John: Yeah, definitely. So, the fourth thing that I want to talk about is Engage Your Employees And what I mean by that is really get to know all your employees, not just on a business level but also find out like what’s going on in their life outside of work, like get to know their person, like not too, too personal, but what what are their social interactions? What do they do for fun? Where do they hang out? Like, what are their social circle look like? What are their hobbies? Because for you to do a better job, to help them be the best version of themselves, you need to really understand who you’re dealing with, right? Who is on your team?

Roger: And from the standpoint of getting to know your employees I believe it shows it is almost, John, a sign of respect for your employees, that you as owner or you as their supervisors, you know, superior, their boss or whatever, wanting to understand them, what makes them tick what they’re about. It just makes people feel like you know what, they value me and they want to know about me, the person so that I think that again, I used the term a few minutes ago about paying dividends but I really think that pays dividends, and all of a sudden you’ve got staff that are loyal, they know the culture, they’re not going to leave, they’re being productive. It, you know, it cannot help but help the business to thrive and, and grow so…

John: And then once you personalize and humanize people, then it’s not like a commodity. It’s not like, you know, a thing, right? You need to make sure that you add value in everyone’s lives. Give them things that they want, right? Like, what are their interests, try to customize it so that they can get rewards from it, motivate them, help them achieve more by learning about them, getting to know them and that’s so important and this is what we’ve learned in sales all these years, right? It’s all about…Same thing with staff or employees, right? Like get to know them and once you do, you’re gonna have fun, like life is about social interactions and relationships, right? Get to know people, humanize them.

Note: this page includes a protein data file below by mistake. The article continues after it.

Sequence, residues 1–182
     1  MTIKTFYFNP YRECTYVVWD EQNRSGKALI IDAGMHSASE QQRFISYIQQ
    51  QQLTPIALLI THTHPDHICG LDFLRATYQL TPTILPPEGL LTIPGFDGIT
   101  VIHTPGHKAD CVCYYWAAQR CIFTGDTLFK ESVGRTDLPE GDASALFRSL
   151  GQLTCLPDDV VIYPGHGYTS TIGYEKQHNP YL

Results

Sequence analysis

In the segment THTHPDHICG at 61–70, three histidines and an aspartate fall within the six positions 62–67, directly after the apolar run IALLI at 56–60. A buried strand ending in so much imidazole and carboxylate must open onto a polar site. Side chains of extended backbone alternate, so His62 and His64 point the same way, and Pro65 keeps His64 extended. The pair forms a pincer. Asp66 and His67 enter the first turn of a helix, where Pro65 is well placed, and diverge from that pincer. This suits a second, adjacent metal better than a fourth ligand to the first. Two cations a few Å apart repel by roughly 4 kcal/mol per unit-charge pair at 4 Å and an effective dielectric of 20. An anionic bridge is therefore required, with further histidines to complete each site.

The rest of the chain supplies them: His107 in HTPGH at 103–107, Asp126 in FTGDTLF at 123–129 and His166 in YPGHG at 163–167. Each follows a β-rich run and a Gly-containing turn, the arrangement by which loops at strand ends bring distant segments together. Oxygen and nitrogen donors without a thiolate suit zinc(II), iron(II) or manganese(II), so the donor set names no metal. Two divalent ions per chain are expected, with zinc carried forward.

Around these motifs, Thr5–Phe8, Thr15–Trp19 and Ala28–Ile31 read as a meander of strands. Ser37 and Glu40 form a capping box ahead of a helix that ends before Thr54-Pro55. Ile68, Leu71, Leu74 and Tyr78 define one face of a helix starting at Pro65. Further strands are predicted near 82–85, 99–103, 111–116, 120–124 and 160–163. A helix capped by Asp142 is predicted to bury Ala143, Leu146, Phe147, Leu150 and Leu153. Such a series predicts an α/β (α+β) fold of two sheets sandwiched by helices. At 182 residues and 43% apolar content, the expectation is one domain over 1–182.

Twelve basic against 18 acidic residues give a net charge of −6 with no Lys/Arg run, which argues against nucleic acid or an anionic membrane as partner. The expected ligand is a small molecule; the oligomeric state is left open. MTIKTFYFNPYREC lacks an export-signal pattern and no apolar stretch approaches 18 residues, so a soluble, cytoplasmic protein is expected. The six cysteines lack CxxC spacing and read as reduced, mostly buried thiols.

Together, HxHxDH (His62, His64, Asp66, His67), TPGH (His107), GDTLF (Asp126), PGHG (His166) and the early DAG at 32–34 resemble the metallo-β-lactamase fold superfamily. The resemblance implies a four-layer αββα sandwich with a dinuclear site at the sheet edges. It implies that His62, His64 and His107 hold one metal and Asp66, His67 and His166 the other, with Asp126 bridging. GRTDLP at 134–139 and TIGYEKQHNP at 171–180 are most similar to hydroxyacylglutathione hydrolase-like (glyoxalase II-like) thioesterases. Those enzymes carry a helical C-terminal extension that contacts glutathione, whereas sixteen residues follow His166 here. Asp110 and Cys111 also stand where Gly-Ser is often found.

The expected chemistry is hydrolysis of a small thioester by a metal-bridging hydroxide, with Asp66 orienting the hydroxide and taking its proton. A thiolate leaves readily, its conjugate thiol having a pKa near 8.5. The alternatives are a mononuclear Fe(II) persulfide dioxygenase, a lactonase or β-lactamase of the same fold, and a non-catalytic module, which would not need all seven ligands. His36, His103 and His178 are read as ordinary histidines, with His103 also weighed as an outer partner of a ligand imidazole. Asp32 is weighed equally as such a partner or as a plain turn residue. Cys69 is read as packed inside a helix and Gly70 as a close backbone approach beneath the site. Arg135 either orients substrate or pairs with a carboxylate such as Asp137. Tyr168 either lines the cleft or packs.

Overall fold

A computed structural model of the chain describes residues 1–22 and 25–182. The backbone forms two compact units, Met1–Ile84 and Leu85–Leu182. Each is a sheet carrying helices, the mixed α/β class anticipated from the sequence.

Roger: Yep, and then number five that we’re going to talk about, John, fifth point around this culture thing is to Promote the Work-Life Balance. It’s easier said than done and there’s…As we learned in the corporate world, many years ago, they talked about the needs of the business. But the truth is, its needs of the business, but it’s balanced with the needs of the employee, too.

John: Yeah, and I think timing is everything as well, depending on your life stage, you need to understand, you know, there’s employees that will fit you for the right time of their journey as well. And not everyone’s going to be a good fit, right? And it’s okay, but just be honest with them and yourself and find out what is a good medium, right? Like, who would be a perfect persona avatar for your staff, right? Like, these are typically what we’re looking for, this is our ideal, employee persona, personality, and get to, you know, find out like, these are people you’re going to surround yourself with, right? Do you want to talk to them on a regular basis or not?

Roger: Exactly. And, you know, when you’re talking to this Promoting Work Life Balance, you want to find the right people, but obviously you want to lead by example but you want them to obviously work hard, produce, take care of clients but they must take care of themselves at the same time and that’s something where this culture thing where they understand that whether you know, you’ve got you…And it’s funny, too, I should mention, John, a lot of employees, the younger generation I’ve read this, and I’ve heard this over and over. It’s not about the money. Money, yes, is important but it is other things and you really could put it under many parts of the umbrella of being a great culture. And it could have to do with, you know, personal time off to, you know, to go after endeavors and endeavors that are, you know, interesting to them, where they can spend some time but maybe they can manage themselves, or it can be flexible, but it’s all that allow them that work-life balance.

John: Exactly. It’s very similar to like your lifestyle, right? It’s a choice. A lot of people have choices that they have to make, in terms of where they live, how far they need to commute to work, who they surround themselves with. It’s the same thing with work, right? So make it an environment so that your employees actually enjoy the work aspect, and the life aspect of it all, and humanize it all. And so that they actually are embracing it also that they feel like they’re having fun, they’re enjoying the process, enjoying the people they are surrounded by and the work itself has to be enjoyable for them.

Roger: There you go. Well, I think we’ve covered it, John. 

John: Well, thanks a lot. Roger. That was fun. 

Roger: And John, thank you and thanks to our listeners today, you know, local SEO talking about improving culture. You know, we can certainly talk more about it at another time but this is a great starting point and I appreciate your input, John, and we’ll talk again, and thank you for watching local SEO today.

John: Thank you.